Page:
Hillbilly Jim is going to have to ditch his trademark overalls in favor of a tuxedo for one night. The popular Superstar and self-proclaimed country boy is headed to the WWE Hall of Fame.
He will join Goldberg, Ivory, The Dudley Boyz and Jeff Jarrett as part of the 2018 Hall of Fame class, Bleacher Report has learned. Jim and his fellow inductees will be enshrined April 6 at the Smoothie King Center in New Orleans during WrestleMania 34 weekend.
The news stunned the '80s star.
"I didn't have that on my mind whatsoever," Jim told Bleacher Report. "For a moment or two, I was knocked back on my heels. Basically, I was speechless. It was a whole lot for me to digest quickly."
He isn't normally one to live in the past. Jim is a here-and-now guy from Louisville, Kentucky, who spends much of his time working out and hosting a Sirius XM radio show on Outlaw Country. But with the announcement that he will soon be a Hall of Famer, memories of his time entertaining fans in the heart of the Rock 'n' Wrestling era are rushing back.
Jim (real name: James Morris) began his pro wrestling career in the early '80s in Memphis, where he wrestled as a biker aptly dubbed "Harley Davidson."
His fame ballooned once he joined WWE as a happy-go-lucky country boy babyface. Jim would strut to the ring dressed in overalls. His massive beard framed a glowing smile. He was a memorable character in a period full of them.
Jim began his WWE run in 1984 as a (planted) fan in the crowd. Superstars like Roddy Piper began to notice the tall, burly audience member and looked to recruit him. Eventually, he aligned with Hulk Hogan, who served as his onscreen coach.
"It turned out to be a really nice way to make your entrance," Jim recalled. "The people seemed to have caught on to it and were captivated by it. It turned out to be a fairy tale that actually worked."
This route to the ring was fitting. Jim was an everyman, a blue-collar bruiser. He was out there fighting monsters like King Kong Bundy and Big John Studd as a proxy of the masses.
"My character represents the people," Jim explained.
It was a role that came naturally to him. He drew on his Kentucky roots to morph into a larger-than-life version of himself.
"It was always a very doable and easy character to step into," Jim said. "I'm from this part of the country. I know a lot of country people. I know what that translates to. I did the best I could to bring that to the ring.
"It's a lot like I really am in person. I'm a happy, excitable kind of character. And I just wanted to denote happiness."
Jim often provided WWE shows with a burst of energy, a dose of levity and a jolt of fun. One of the best examples of what he brought to the sports entertainment circus came in a series of tuxedo matches against the devious Mr. Fuji in 1986.
The two rivals battled in formal wear in Philadelphia, St. Louis and most notably at Madison Square Garden in New York. Selling out an arena Jim calls "the mecca" for this business was a high point of his career. And he remembers that rivalry fondly.
"The entertainment value on that was very high," Jim said of his bouts with Fuji. "The people just absolutely loved it."
Jim counts Mr. Fuji among his many mentors in and out of the ring. The soon-to-be Hall of Famer lists Hogan, Andre the Giant, Gorilla Monsoon, Bobby Heenan and The Fabulous Moolah as those who aided his career.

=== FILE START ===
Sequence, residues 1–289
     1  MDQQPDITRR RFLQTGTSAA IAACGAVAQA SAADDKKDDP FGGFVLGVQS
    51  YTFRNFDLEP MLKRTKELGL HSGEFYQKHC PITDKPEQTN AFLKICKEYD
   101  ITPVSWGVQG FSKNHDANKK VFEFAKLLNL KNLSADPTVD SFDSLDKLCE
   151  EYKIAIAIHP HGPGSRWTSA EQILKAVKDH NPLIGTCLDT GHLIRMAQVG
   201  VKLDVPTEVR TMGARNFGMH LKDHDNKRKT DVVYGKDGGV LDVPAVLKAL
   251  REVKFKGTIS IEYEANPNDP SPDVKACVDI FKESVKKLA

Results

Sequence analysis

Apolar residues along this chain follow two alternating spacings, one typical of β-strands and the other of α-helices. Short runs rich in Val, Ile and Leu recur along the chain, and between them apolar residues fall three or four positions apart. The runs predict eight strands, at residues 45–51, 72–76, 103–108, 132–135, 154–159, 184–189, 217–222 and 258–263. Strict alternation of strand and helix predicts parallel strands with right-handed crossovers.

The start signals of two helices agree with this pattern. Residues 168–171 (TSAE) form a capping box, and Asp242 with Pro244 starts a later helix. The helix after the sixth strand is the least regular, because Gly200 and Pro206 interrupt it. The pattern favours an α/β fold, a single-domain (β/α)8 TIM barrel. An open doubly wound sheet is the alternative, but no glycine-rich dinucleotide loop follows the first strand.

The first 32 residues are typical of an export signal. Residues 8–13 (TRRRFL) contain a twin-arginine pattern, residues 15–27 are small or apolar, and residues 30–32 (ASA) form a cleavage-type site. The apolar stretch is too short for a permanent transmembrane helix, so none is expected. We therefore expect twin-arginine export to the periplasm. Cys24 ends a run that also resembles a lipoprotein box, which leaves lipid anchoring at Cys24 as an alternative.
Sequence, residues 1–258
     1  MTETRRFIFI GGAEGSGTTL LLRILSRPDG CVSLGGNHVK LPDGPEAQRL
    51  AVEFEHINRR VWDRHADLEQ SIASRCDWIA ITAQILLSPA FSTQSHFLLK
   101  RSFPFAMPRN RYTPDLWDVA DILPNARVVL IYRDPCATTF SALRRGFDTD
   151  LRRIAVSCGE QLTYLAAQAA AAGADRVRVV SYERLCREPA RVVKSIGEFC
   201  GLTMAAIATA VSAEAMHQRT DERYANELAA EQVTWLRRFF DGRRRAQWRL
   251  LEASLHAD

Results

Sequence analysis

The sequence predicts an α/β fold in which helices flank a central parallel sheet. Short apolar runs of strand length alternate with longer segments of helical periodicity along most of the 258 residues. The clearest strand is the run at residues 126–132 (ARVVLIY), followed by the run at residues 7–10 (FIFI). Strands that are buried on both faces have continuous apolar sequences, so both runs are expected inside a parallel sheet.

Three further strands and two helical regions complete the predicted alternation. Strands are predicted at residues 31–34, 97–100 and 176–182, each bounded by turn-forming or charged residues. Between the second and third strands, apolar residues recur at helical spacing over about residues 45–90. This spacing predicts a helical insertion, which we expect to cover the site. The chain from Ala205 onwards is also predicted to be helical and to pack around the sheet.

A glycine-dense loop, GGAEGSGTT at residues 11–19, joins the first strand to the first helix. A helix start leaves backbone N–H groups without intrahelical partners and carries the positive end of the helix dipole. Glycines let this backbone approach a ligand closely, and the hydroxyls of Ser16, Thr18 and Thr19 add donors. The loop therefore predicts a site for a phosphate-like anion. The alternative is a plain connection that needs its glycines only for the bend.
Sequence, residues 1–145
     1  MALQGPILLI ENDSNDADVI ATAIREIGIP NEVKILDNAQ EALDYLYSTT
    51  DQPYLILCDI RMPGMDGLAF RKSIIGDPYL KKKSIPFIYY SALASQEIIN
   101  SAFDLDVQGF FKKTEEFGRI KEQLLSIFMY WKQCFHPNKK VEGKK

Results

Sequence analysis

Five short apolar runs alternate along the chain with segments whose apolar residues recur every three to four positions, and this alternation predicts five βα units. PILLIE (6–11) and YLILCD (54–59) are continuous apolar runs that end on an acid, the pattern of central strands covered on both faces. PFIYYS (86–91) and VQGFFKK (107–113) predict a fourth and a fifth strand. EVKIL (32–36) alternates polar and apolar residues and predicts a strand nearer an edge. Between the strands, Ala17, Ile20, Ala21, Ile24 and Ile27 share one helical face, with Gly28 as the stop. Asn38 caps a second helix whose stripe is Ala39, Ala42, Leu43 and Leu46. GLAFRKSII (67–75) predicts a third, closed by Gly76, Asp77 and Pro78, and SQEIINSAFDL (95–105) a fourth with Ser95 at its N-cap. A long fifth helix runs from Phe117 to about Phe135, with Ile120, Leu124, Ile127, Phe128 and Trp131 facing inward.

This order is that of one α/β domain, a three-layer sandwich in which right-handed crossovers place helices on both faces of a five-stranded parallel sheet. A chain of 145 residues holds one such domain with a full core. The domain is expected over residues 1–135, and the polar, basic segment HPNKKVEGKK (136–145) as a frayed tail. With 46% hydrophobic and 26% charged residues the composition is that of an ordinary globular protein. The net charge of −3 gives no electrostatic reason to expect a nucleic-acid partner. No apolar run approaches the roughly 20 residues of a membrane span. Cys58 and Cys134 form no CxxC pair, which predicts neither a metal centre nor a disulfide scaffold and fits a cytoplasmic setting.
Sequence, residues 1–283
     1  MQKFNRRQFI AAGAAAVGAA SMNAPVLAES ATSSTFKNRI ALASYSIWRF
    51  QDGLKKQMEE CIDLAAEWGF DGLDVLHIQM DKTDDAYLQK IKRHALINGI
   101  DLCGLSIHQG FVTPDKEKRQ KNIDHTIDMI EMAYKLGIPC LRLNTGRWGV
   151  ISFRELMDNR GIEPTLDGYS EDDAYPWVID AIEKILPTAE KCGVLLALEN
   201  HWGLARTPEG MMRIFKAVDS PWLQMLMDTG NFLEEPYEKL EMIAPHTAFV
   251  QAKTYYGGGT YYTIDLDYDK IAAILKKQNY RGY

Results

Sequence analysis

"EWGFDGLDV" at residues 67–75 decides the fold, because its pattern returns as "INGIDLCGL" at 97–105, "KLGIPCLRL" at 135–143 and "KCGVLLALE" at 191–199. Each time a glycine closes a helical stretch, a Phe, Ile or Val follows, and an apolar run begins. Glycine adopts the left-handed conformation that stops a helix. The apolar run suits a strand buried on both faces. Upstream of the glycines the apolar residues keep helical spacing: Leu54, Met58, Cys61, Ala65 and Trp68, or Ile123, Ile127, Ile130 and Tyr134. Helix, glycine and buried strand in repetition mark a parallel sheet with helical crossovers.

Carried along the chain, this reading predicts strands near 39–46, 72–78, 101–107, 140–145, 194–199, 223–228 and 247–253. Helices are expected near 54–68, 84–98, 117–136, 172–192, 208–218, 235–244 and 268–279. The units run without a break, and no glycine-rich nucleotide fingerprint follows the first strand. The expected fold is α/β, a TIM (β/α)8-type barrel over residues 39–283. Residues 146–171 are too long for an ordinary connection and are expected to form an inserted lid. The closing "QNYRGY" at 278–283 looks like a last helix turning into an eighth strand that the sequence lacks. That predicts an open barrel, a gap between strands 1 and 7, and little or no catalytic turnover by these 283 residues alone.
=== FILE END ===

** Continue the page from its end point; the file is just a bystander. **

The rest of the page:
When he crossed paths with these stars, he always looked to soak up what they had to say, talking to them at length when he could. Being a student of the game paid off.
"I always have had the knack for taking good advice," Jim said.
His peak came at a time when the business was scorching. Jim was a part of the earliest WrestleMania cards and a regular presence on TV as WWE expanded into a national entity. His likeness appeared on the cartoon Hulk Hogan's Rock 'n' Wrestling and in action figure lines, board games and several video games.
"We got woven into the fabric of America in those early days," he explained.
When WWE airs the video package recalling Jim's career, he'd most like to see shots of the audience, of the responses he was able to garner.
"I hope they capture how the fans looked," Jim said. "When I came out there, it seemed like it was going to happy times for them. They enjoyed the whole Hillbilly Jim character, the ring entrance music, the dancing, the good old country boy."
Jim is grateful to all who cheered him from the stands and to WWE for giving him the platform on which he made his name.
"I don't have my Sirius XM radio show because I'm Jim Morris. I've got it because I'm Hillbilly Jim," he said. "And this business gave me Hillbilly Jim. This company gave me Hillbilly Jim.
"In my hometown, most everybody just calls me 'Hillbilly.'"
Today, the 65-year-old is an active member of the Kentucky Blues Society. He makes occasional appearances at conventions and trade shows. His country and Southern rock radio show is coming up on its 13-year anniversary. But he'll have to take a break from his routine in April to suit up to deliver a speech and bask in the Hall of Fame ceremony in New Orleans.
It's an accolade he wants to share with his family, friends, peers in the business and supporters. He remains a humble man well aware he didn't get to this point on his own. And he's most grateful to the fans.
"I want the fans to enjoy this," Jim said of his Hall of Fame induction. "I'm a representative of you. That's exactly what this is all about. This is part of your legacy."
That's sure to be the kind of sentiment we'll hear from Big Jim when he takes the stage at the Hall of Fame ceremony as he joins the long list of legends admitted to that institution.
Hillbilly Jim is a former WWE Superstar and the host of Moonshine Matinee on Sirius XM.